I was dismayed to read a letter to the editor in the Spectator today that contained blatant factual inaccuracies.
"They say light rail transit will free our city of much of the automobile traffic," wrote J. Alan Rea, "when we all know that rail cannot climb the escarpment to service the areas where most people live."
In just a single sentence, the writer manages to pack in a straw man argument and two false statements:
In case you forgot, this is just one sentence!
I can overlook the strawman argument - that's just par for the course, although I wish it weren't. And the error regarding population density, well, you have to do some basic arithmetic to fact-check that, and besides, you can always draw new lines on maps to support your argument.
But the bit about how trains can't climb the escarpment is just plain ridiculous. Anyone with even a slight awareness of Hamilton's LRT plans knows about the A-Line.
The Spectator editors have far more than just a slight awareness: they are knowledgeable about, and very supportive of, light rail transit. They know that this statement is incorrect.
So why publish this letter, then? The Spectator wants to retain "balance". They've published cogently argued letters, opinion pieces, and editorials in favour of LRT, including a recent one by RTH editor Ryan McGreal.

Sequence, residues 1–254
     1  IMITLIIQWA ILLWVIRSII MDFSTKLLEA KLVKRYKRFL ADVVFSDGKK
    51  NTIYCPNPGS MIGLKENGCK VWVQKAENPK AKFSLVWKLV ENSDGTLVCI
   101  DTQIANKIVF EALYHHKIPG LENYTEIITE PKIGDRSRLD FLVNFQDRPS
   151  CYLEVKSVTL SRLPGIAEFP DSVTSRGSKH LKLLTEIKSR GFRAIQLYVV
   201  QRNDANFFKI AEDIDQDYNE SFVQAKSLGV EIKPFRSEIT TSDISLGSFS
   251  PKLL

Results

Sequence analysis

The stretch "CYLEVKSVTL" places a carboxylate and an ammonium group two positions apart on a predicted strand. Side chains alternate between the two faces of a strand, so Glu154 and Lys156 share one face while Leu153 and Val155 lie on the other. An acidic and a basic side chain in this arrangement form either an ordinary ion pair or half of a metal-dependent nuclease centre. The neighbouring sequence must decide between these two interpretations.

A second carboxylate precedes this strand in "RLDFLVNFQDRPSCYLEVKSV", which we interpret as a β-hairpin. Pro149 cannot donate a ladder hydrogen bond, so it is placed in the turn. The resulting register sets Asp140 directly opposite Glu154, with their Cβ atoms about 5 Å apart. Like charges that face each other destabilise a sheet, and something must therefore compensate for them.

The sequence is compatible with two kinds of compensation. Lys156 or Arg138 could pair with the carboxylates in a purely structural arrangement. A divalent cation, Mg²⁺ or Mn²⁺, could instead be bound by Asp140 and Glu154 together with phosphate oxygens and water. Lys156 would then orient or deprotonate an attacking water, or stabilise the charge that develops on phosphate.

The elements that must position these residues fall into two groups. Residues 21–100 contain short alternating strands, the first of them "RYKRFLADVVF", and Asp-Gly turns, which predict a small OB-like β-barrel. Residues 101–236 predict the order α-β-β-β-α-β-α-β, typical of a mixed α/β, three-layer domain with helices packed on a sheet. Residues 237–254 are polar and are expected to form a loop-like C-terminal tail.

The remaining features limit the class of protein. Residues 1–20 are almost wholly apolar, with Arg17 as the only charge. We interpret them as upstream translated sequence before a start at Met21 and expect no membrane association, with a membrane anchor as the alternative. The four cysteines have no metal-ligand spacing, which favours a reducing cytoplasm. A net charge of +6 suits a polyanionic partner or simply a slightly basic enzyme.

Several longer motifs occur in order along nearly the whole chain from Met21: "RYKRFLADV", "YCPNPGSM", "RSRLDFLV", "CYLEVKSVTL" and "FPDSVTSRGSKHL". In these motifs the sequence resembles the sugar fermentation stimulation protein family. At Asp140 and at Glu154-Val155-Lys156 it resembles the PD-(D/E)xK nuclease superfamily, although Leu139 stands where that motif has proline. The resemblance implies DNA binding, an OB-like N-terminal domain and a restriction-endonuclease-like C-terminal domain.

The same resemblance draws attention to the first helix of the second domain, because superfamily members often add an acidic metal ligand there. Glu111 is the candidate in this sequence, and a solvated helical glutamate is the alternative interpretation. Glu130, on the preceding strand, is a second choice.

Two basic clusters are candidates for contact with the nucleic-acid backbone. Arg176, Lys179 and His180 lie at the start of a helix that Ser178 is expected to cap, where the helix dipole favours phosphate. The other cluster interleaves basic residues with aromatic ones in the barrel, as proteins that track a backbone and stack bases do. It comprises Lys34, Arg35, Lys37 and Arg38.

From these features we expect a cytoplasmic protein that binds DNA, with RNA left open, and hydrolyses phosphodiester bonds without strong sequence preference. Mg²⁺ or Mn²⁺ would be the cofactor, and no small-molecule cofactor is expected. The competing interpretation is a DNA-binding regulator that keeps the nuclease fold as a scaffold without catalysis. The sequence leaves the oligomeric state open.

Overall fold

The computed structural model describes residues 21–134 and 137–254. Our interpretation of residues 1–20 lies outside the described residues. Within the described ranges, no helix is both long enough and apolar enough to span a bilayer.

In return, they feel they need to devote space on the editorial pages to letters opposing LRT. I don't have a problem with that, but I do have a problem when those letters contain false statements.
LRT should be debated, I believe, on the basis of return on investment (ROI). Does investing in LRT return benefits, in terms of economic development, traffic reduction, quality of life improvement, and so on, equal to or greater than the sum invested?
That's a worthy subject of debate, but instead, valuable editorial space is spent arguing over non-issues such as whether or not trains can go up hills. That impoverishes the debate and that, in my opinion, is a disservice to readers.
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